Bookshare volunteers can submit books in one of five formats including Arkenstone, Kurzweil, Microsoft Word documents, Wynn and rich text format. Arkenstone is a format that is only accessible to a user who has Open Book. Likewise, Kurzweil is a file format that can only be accessed with that software program. Bookshare is encouraging all its volunteers to submit their books in rich text format, which is accessible to more members than any other format. Once the book is downloaded, the talking software on the individual's computer helps make the print audible. If the user does not have such a program, he/she can download Humanware's Victor Reader software from Bookshare.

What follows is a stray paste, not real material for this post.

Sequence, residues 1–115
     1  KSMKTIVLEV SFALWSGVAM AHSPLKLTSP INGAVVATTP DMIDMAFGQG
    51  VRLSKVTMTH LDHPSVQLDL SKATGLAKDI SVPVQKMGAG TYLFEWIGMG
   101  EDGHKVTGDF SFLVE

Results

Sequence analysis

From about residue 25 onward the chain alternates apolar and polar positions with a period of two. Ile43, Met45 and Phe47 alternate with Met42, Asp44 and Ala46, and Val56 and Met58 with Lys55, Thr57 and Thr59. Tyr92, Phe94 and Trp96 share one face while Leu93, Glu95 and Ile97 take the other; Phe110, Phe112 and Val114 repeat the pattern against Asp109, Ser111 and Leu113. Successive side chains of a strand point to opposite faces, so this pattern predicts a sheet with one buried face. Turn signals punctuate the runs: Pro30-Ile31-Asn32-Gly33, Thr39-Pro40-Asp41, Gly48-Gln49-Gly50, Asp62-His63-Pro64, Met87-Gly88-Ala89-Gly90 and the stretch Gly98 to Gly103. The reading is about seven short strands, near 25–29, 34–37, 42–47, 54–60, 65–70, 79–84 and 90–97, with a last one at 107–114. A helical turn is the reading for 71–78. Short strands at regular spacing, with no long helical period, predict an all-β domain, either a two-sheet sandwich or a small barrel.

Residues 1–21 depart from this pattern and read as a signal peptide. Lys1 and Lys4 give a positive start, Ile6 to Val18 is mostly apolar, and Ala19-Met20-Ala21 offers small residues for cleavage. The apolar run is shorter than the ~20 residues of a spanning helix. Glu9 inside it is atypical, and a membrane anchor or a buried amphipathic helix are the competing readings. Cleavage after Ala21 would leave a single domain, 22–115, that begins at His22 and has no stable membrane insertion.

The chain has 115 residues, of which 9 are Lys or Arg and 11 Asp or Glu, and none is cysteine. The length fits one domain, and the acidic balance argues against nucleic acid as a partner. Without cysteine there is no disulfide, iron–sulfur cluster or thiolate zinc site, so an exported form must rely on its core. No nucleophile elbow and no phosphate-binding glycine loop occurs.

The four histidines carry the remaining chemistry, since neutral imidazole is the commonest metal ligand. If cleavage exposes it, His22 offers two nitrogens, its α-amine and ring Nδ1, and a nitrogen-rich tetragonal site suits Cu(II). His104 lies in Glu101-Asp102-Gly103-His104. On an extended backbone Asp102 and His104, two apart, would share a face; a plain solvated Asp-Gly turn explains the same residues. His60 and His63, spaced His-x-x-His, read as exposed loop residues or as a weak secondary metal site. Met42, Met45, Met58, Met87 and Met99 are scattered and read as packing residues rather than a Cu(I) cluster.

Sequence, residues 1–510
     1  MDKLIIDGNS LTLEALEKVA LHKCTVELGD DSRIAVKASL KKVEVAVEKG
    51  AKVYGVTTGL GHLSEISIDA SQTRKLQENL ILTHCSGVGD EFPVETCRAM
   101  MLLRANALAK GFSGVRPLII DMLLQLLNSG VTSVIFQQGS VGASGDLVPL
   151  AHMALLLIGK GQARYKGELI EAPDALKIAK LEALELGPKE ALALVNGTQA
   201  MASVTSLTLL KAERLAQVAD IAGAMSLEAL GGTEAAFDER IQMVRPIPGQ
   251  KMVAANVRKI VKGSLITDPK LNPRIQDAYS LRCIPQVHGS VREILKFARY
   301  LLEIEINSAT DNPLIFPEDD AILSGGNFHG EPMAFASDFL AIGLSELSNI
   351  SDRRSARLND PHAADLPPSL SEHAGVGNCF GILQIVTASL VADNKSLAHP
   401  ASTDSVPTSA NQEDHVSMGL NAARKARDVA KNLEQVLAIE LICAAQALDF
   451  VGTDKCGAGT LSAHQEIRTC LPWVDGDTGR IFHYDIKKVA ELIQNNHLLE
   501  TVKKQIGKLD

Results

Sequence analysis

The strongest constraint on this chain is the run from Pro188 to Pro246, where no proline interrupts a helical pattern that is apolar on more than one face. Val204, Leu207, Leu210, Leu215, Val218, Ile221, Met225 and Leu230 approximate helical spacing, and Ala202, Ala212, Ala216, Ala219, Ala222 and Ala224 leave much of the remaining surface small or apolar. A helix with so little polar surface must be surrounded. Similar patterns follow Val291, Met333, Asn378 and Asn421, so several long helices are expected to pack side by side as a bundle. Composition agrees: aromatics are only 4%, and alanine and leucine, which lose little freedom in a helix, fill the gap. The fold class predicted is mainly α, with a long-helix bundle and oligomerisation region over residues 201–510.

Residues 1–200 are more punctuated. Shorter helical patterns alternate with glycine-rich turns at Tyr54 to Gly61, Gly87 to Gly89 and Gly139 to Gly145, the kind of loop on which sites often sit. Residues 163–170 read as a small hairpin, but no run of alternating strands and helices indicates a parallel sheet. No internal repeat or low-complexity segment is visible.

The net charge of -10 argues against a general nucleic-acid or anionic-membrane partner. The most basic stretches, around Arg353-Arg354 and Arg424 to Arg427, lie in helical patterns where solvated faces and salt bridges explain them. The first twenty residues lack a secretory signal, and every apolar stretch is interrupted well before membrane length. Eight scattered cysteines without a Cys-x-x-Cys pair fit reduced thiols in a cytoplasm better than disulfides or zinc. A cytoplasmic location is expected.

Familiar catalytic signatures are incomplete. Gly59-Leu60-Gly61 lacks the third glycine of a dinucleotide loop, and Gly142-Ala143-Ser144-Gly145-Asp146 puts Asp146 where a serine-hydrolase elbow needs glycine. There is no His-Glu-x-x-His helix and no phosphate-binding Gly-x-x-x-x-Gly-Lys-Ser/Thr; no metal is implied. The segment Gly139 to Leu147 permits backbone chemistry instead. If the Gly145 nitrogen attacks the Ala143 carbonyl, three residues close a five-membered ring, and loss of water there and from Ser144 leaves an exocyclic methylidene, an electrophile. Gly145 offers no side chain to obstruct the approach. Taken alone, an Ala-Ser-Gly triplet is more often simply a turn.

A member or visitor can search the entire database by using the search function. A search can be done by title, subject or author. One can also search within a category. For example, if someone were searching for a book on Helen Keller, he/she could do a general search or search the disabilities category, which would cut down on time. Once the book is found, a page is displayed with the title, author, ISBN, copyright name and year, length, quality (excellent, good, or fair), and two synopses. One synopsis is 250 characters or less. The other is 500 words or less. This helps the user know if he/she has the right book before downloading it. Once the user is sure he/she has the right book, he/she can download it from the web site. is different from other organizations that offer reading material for the blind in many ways. First, it costs money. It costs $75 the first year and $50 each additional year for the service. A volunteer can work off this cost by submitting or editing books. Each submitted book is worth $2.50 credit toward membership. If one wants credit toward a subscription but does not have access to a scanner, he/she can validate a book for a 50-cent credit. Validators are essential for Bookshare to run. These dedicated readers take books that were submitted, proofread them, and categorize them so they appear on Bookshare in the right place.